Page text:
Shmuley Boteach—rabbi, sexpert, Michael Jackson pal—has led many lives. But none of them can obliterate his past.
Guess how many skyscrapers the terror organization could’ve built instead of tunnels
A visit to Roubaix, home of alleged Jewish Museum killer Mehdi Nemmouche. Second of a five-part series on anti-Semitism in France.
With the No. 1 album in America, the parodist proves yet again the full depth of his genius
Tablet Original Fiction: Angela loves Paul loves Claire loves Adam loves Angela
Richard Linklater’s Boyhood is the best film of 2014, and one of the least Jewish movies ever made
I don’t talk like my fellow Torontonians because I was raised inside the ‘Bathurst Bubble,’ the city’s Jewish community
It wasn’t as big as Batman, but ‘Mendy and the Golem’ gave Jewish kids a taste of pop culture—with a rabbinical seal of approval
Seven decades ago, the Jews of Rhodes were sent to Auschwitz. Now some descendants are preserving a culture nearly lost.
Where Adam Sandler’s comedy is nuanced and proudly Jewish, Andy Samberg offers one-note assimilation
The born-again ABC show offers Kristin Chenoweth, camp, and TV that doesn’t require Talmudic analysis
Egypt’s famous comic actor was on trial this week for offending Islam. But for Israeli kids, he was a beloved face on state TV’s weekly Arab Movie.
Evaluating comedy on its political merit is like disassembling a vibrator to analyze its mechanics: You can do it, but that’s not what it’s for.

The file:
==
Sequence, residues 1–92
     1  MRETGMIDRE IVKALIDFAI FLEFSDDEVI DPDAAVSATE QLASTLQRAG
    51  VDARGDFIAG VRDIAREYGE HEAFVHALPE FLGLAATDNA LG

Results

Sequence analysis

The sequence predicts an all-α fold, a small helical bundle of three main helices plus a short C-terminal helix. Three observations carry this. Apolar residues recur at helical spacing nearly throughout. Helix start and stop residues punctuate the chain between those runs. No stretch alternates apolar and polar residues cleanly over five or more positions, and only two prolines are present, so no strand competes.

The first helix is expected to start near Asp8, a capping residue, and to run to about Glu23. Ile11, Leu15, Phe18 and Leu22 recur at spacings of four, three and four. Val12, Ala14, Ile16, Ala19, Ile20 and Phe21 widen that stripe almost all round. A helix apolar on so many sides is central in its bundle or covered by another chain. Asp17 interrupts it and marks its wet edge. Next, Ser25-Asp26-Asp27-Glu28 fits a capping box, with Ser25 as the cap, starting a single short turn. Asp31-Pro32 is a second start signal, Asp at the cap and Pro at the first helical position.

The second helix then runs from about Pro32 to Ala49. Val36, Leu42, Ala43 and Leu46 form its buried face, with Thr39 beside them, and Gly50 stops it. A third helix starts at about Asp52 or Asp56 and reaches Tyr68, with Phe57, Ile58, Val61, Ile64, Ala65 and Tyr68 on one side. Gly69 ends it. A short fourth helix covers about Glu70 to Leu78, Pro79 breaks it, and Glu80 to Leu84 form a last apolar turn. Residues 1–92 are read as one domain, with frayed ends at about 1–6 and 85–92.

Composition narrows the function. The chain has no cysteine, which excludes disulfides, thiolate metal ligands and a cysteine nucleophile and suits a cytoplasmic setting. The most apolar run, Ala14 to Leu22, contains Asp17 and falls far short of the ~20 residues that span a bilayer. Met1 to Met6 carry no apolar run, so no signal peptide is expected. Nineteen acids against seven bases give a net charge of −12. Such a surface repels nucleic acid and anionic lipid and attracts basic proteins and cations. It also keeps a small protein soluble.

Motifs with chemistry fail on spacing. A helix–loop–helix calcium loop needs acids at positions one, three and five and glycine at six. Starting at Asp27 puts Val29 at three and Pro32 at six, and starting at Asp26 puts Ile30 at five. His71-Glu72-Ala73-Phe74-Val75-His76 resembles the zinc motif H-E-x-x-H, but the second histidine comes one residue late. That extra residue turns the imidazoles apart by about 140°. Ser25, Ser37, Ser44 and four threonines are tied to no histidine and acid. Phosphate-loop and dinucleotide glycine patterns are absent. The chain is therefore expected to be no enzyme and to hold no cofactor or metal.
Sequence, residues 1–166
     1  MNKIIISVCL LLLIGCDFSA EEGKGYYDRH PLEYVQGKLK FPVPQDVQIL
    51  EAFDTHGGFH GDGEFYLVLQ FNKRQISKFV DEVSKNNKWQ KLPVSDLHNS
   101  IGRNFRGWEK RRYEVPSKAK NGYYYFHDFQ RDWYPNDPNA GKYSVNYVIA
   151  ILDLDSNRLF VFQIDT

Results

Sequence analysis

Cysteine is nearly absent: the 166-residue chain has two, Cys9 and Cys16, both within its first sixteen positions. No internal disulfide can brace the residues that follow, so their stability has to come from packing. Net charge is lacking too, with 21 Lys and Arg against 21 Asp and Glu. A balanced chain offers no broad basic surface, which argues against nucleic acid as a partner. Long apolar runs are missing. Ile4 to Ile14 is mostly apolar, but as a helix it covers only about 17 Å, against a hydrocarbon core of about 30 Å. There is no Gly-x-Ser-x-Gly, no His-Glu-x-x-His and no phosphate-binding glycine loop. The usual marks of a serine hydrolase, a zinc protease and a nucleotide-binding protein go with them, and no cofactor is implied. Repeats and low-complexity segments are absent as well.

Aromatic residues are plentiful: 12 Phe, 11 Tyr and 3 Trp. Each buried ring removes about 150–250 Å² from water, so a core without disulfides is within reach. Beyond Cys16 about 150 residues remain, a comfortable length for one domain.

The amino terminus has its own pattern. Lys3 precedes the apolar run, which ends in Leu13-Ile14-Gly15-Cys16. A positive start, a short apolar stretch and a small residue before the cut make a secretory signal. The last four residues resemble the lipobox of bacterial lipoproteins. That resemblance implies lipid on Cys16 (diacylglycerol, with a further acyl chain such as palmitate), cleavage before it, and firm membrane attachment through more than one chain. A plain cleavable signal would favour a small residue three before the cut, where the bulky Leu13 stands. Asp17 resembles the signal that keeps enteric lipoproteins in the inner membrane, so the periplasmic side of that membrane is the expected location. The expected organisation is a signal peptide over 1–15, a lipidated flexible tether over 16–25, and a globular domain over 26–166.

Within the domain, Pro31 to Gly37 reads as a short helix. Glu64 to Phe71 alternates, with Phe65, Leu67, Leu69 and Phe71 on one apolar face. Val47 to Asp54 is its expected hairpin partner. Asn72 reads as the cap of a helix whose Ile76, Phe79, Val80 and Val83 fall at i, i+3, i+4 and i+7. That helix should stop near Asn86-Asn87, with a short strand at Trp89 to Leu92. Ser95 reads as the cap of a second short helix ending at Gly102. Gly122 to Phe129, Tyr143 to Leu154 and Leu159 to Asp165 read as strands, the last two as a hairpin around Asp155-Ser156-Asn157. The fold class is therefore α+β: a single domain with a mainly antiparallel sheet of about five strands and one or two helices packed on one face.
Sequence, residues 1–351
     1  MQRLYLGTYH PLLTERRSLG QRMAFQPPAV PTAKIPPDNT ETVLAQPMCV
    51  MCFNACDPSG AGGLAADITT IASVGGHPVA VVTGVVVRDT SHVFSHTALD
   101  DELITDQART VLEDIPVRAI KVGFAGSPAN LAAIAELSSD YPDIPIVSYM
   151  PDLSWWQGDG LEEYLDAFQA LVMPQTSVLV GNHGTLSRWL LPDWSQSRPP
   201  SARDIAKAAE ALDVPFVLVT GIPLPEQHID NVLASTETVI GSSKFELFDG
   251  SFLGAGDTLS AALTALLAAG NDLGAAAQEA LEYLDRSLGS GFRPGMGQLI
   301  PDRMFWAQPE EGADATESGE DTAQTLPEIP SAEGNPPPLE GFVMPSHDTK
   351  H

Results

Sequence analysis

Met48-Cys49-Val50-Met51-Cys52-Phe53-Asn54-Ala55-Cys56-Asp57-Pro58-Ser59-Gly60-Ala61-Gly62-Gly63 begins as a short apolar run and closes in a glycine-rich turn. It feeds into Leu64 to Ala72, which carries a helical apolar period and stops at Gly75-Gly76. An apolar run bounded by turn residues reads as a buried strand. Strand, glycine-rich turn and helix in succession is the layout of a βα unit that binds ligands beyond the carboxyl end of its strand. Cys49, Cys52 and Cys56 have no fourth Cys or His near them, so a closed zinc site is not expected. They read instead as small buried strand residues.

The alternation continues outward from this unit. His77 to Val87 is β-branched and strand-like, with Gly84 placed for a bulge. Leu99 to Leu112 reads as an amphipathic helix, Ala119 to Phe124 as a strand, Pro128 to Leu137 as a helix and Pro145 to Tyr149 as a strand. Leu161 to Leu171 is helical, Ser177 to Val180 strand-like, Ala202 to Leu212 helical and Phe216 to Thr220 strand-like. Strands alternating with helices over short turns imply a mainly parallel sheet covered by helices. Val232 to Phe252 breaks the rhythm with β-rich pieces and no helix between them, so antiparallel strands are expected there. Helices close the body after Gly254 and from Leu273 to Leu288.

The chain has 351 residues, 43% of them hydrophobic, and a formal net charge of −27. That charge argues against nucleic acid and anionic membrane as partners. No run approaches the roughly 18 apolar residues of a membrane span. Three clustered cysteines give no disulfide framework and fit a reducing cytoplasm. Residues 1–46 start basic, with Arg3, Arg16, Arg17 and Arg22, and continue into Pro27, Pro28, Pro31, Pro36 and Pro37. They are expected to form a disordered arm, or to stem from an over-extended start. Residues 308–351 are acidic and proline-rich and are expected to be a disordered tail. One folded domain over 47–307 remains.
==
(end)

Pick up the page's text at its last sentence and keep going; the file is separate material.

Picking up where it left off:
Most men won’t be allowed to admit this, but the new HBO show is a disastrous celebration of entitlement and helplessness
Mad Men, whose sixth season premiered Sunday, revives the 1960s, an era when Jewish culture and American pop began to meld
Mad Men glamorizes the skill of connecting with specific audiences. But when real-life advertisers pick up Jewish tropes, are they selling to Jews?
Shahs of Sunset, Bravo’s latest Hobbesian experiment on the lives of the nouveau riche, is a fascinating piece of television—in spite of itself
Like religion, TV shows must understand how to tell stories over time if they hope to endure. The Simpsons gets it. Downton Abbey doesn’t.
A visit to a Hasidic family in Brooklyn—where nobody knows who she is—magically transforms Oprah back into the person she once was
The upper-crust Edwardians of Downton Abbey, now back on PBS, are as bound by tradition as the shtetl Jews of Fiddler on the Roof
The invented Seinfeld winter holiday Festivus, like the late Christopher Hitchens, demands a religion-like dogma around nonbelief
Sarah Silverman seemed poised to usher in a new generation of secure, sexual, and powerful female comics. Instead, she went for empty shocks and cheap laughs.
Patti Stanger, host of the Bravo reality show Millionaire Matchmaker, is the iconic antidote to the bloated expectations and self-delusion of our times
The hit Israeli television organized-crime drama Ha-Borer takes an Orthodox mobster’s view of the Jewish state’s moral landscape
The Shallowest, Least Thoughtful Commentators of the Week
An excerpt from I Thought I Meant More to You Than That, by Cynthia Orgel
Rips into Hamas, Selena Gomez
After seven years in Portland, departing with a mix of sadness and hope
We’re hiring two paid, part-time editorial interns
Operation Protective Edge enters its 18th day
Militant group used child labor to construct underground network in Gaza
The latest in a long tradition of creatively supporting embattled Jews abroad
Snide bias is no substitute for real reporting on complicated stories
How one shy, whistle-blowing intern in an Amsterdam archive uncovered a travesty that insulted a decimated community
Two economists argue that literacy, not laws forbidding land ownership, created a small, widely dispersed and highly skilled minority
Known for right-wing politics, Vladimir Jabotinsky left an equally critical literary legacy. Hillel Halkin looks at it all.